Agency Jobs

Getting a job as an occupational therapist – speaking from an experience

  1. Setting my priority

In reality, you can’t be too picky about what kind of job to get as a non-immigrant worker. So you have to set your priority – do you really want to work in this country for more than a year? Or is it more important for you to gain more training and experience in advanced clinical setting?

My priority was to gain more work experience in the states for more than a year. That means I would need a visa support, and I knew that there’s a good chance that I would not be able to work in a hospital setting. I still looked into it because but kept my mind open to other settings.

  1. Conducting job search

As I continue job search, mainly on Google and job sites likes,, LinkedIn etc. I also went to a career fair at school and it helped me to get a sense of who’s out there, and it was helpful to see them face-to-face; it made me feel less nervous to see that they are all people in the end.

I found that there are a lot of opportunities are either in agencies or skilled nursing facilities (SNF). I also searched who has supported more work visa. I looked more into agencies because they had more choices in terms of settings – mainly schools and SNF, with occasional openings in hospitals that usually required some experience.

  1. Applying for jobs

A nice thing about applying for an agency is that it’s really simple. Sometimes you just have to give your contact information and what kind of position you are looking for (e.g. occupational therapist) and they’ll give you a call. If they liked you as a candidate, then they’ll ask for a resume.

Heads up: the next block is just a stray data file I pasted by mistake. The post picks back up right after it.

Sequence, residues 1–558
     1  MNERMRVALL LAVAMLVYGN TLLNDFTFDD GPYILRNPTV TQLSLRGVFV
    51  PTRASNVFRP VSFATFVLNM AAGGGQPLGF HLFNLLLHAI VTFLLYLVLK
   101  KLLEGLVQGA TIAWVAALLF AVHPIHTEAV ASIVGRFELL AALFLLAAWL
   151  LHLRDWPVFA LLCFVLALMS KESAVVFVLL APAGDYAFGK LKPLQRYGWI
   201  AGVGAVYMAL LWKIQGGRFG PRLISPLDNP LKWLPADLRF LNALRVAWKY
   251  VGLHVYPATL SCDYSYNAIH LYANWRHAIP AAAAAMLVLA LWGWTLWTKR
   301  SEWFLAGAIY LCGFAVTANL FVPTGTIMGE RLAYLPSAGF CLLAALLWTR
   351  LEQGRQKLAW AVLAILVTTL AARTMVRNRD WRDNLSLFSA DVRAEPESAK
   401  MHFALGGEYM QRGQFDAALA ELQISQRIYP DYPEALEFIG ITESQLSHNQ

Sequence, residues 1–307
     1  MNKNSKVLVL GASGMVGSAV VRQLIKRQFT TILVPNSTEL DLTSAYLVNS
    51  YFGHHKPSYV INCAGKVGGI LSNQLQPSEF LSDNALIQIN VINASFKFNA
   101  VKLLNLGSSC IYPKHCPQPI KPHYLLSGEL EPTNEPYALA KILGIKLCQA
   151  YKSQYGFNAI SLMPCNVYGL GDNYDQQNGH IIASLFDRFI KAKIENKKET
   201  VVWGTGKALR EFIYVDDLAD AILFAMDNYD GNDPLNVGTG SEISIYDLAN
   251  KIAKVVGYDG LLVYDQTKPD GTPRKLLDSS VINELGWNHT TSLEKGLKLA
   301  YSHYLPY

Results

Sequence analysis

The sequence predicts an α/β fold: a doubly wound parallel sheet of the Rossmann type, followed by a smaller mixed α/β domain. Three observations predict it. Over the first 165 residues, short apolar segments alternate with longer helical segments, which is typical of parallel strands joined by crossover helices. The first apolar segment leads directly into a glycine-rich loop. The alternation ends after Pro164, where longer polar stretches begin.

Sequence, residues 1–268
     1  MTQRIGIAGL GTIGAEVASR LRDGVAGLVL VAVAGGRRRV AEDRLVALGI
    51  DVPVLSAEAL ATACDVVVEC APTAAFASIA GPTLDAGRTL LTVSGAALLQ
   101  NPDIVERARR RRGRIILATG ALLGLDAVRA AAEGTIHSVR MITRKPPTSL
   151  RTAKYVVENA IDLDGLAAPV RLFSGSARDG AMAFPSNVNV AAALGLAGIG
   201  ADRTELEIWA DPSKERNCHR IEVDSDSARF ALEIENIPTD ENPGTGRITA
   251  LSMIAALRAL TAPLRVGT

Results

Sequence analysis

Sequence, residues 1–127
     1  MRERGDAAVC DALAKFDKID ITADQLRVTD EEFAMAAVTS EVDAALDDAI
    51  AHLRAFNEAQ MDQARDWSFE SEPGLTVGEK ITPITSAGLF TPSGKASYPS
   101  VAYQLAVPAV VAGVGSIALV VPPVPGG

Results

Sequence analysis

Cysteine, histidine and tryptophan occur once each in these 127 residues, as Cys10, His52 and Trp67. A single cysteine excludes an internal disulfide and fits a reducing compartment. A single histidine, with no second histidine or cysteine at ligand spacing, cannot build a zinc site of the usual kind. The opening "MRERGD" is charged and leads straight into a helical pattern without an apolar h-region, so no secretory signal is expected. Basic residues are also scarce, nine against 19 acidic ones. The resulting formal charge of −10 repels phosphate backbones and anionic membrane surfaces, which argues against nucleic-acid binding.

For most of the other employers, they usually have an internet application system that looks quite similar to each other. It is a quite excessive process that requires uploading your resume and references, in addition to typing in list of your work/education/and skills.

It is tiring, so set your proprieties and preferences, and go one by one.

  1. Interviews

I had some phone interviews, and few in-person interviews. Most phone interviews were with agencies. They tend to be very on point – they straight up ask what payment range you are looking for, and if you are licensed (as I told them that I just graduated). Some even asked if I needed visa support – and as I interviewed for more and more companies, I asked this question first. It was completely okay. They just really don’t want to waste anybody’s time. These are more of screenings question because those are the requirements they cannot bend. They also ask about your general experience but it’s more secondary in this scanning process. If you meet the qualification, the agency will send your information to various organizations that might need your service. If one of them likes your resume, then you will have the actual interview.

By actual interview, I mean an interview with the supervisor at where you would be working whether it is a school, SNF, or hospital. These are the typical job interview you can imagine it to be. One question that might be agency specific is ‘why are you applying through an agency instead of working with us directly.’ For international students, it’s probably because of visa support.

I had in-person interviews with a hospital and an rehab company. These might look closer to what you imagine of how an interview would look like. You share your experience and interests, why they should hire you and why you applied to the company/hospital. Discussion regarding visa support or salary may come up and if not, you would not have to bring it up at this point.

  1. Offer letters

Once you finished all the interviews (with both the agency and organizations that you will be working for) you will get an offer letter. That is of course, only if the organizations you interviewed for actually liked you. Agencies can keep search for more work options for you, but they won’t actually hire you until you actually get a job from an organization. Once an organization liked you from an interview, you will finally get an offer letter. This is where you actually negotiate your salary and benefit.


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